Andy and I are blaming it on the polar vortex. We sat around, eating (and drinking) huddled by the wood stove, discussing ideas great and small. One of them was transforming an old warehouse on Main Street into an indoor Farmers Market. I am a meat neophyte (Andy says meat illiterate because I still don’t understand the difference between breakfast and dinner sausages). As a lifelong vegetarian I agreed to eat meat when I met Andy over five years ago with certain conditions. It needs to be purchased from a neighborhood farm, humanely raised, grass-fed, and more. But, even though this is farm country, it is not always easy to find. Andy has driven all over Delaware county to find a chicken (or lamb, beef) that I would eat, and is probably why this market was appealing to him the most. And so, the farm market project began.
Cleaning out the five thousand foot warehouse was perhaps the easiest part. The hundreds (or so it seemed) wooden pallets were left outside in batches, with a big wooden sign that read FREE. Miraculously, the pallets (and Sign!) would disappear. Other items were not as easy such as thousands of painted wooden pens. My directive was to not take anything that could be up-cycled to the dump (at this point, Andy understands or at least obliges me in my eco ways). I wanted rough cut posts and beams placed through out the space to give it a barn-like-vibe. (Our contractor also no longer questions my radical ways.) We needed to cover the oil tanks and create stairs to the bathrooms that would meet code, which I had fabricated with straw looking particle board. I hung industrial string lights and set up a killer sound system. Andy made large chalkboard signs for each vendor framed with old horse fencing on our property. We placed lots of ads for vendors and crossed our fingers..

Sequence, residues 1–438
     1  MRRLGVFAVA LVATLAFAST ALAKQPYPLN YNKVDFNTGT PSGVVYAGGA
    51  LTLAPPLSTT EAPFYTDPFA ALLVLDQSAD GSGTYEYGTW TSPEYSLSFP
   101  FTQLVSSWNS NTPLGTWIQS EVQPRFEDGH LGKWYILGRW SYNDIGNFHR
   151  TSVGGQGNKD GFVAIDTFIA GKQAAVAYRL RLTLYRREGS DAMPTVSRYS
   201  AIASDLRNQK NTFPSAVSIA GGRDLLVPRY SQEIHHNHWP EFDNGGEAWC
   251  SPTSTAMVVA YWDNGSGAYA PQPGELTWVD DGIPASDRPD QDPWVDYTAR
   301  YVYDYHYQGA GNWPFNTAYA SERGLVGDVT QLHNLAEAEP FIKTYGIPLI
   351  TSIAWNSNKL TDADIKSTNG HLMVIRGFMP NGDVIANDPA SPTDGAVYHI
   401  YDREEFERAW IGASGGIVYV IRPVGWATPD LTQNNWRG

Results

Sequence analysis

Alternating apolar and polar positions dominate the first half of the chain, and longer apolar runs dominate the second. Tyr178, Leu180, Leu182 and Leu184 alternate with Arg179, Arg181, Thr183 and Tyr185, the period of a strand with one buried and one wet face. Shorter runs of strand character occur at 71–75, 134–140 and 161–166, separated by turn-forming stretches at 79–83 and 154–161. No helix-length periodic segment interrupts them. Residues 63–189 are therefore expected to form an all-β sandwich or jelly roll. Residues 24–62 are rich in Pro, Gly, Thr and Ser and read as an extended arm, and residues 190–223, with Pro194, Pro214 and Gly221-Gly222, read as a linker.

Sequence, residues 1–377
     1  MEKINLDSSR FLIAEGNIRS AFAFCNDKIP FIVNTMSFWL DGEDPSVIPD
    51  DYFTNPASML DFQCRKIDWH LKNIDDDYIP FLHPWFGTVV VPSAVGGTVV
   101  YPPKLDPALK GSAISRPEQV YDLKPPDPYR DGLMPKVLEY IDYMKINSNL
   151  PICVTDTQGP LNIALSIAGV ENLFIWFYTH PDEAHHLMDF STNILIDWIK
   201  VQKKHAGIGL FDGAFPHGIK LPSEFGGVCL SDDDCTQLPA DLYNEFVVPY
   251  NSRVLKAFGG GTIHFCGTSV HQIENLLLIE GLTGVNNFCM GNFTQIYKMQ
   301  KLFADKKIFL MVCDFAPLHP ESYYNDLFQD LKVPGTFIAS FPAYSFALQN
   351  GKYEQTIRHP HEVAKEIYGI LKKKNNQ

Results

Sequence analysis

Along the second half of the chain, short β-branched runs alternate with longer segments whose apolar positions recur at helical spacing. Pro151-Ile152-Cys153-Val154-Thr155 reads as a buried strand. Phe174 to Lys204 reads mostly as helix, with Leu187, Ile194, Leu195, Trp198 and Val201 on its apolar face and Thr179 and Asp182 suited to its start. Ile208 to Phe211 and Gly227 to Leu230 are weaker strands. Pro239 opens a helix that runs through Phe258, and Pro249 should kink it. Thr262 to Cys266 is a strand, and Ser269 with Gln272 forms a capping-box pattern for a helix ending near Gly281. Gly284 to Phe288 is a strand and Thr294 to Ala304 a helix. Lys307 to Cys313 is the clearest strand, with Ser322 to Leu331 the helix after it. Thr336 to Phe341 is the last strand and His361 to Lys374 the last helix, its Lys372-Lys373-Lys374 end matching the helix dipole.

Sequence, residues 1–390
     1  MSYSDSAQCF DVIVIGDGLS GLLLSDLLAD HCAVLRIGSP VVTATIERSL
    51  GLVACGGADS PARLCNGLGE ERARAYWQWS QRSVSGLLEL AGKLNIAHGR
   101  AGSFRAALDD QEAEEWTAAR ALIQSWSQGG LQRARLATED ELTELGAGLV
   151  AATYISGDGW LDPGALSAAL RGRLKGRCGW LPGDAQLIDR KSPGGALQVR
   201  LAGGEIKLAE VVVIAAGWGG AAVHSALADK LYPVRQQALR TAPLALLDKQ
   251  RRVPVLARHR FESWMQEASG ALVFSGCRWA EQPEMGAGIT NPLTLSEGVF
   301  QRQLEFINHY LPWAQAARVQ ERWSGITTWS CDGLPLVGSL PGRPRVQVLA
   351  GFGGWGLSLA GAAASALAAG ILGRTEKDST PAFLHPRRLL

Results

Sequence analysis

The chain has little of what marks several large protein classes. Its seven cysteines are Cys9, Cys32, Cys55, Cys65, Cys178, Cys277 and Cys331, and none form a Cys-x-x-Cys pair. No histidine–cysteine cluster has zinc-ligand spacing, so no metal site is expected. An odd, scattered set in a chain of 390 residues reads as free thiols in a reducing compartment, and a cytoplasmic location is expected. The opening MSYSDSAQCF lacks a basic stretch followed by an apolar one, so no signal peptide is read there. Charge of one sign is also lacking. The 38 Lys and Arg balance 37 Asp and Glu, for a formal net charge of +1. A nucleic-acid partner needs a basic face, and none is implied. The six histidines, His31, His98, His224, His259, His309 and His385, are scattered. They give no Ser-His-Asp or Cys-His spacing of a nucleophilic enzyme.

The market has been open since May and is an overwhelming success!
Not only do we have fantastic farmers with fresh meats, there are cheeses (including an artisanal vegan cheeze that is delicious), organic produce galore, breads, a winery, a gluten free baker (in addition to the famous ‘farmers wife’ pies) and more! In the beginning we had a phenomenal chef create sumptuous tastings from our vendors products (who has since been hired to cook in a charming restaurant because of her exposure). We keep growing organically (a pun) with various farmers seasonal produce. The most gratifying aspect of this market is the community response. The feel-good energy is felt by everyone who comes in (or so I’ve been told numerous times while hugging them..)
It was important for me (always going a bit further in green and heartfelt ways) to also make this a ‘mission market’. Folks have donated real mugs for coffee and mason jars for lemonade as a response to my request to keep trash (and plastic) to a minimum. I am having a huge wall created (when we have enough money) with a sign that reads ‘All The Dirt‘ as an information board for all farm food related resources. I have lecturers lined up to speak about the importance of supporting our local farm community. We can host square dances, ho-downs and movies. I am making ‘Farm. Food. Fun.’ carry bags.
Andy and I are thrilled (and exhausted) from taking on this project, and sometimes look at one another and say ‘what a long winter it was’ (smiling).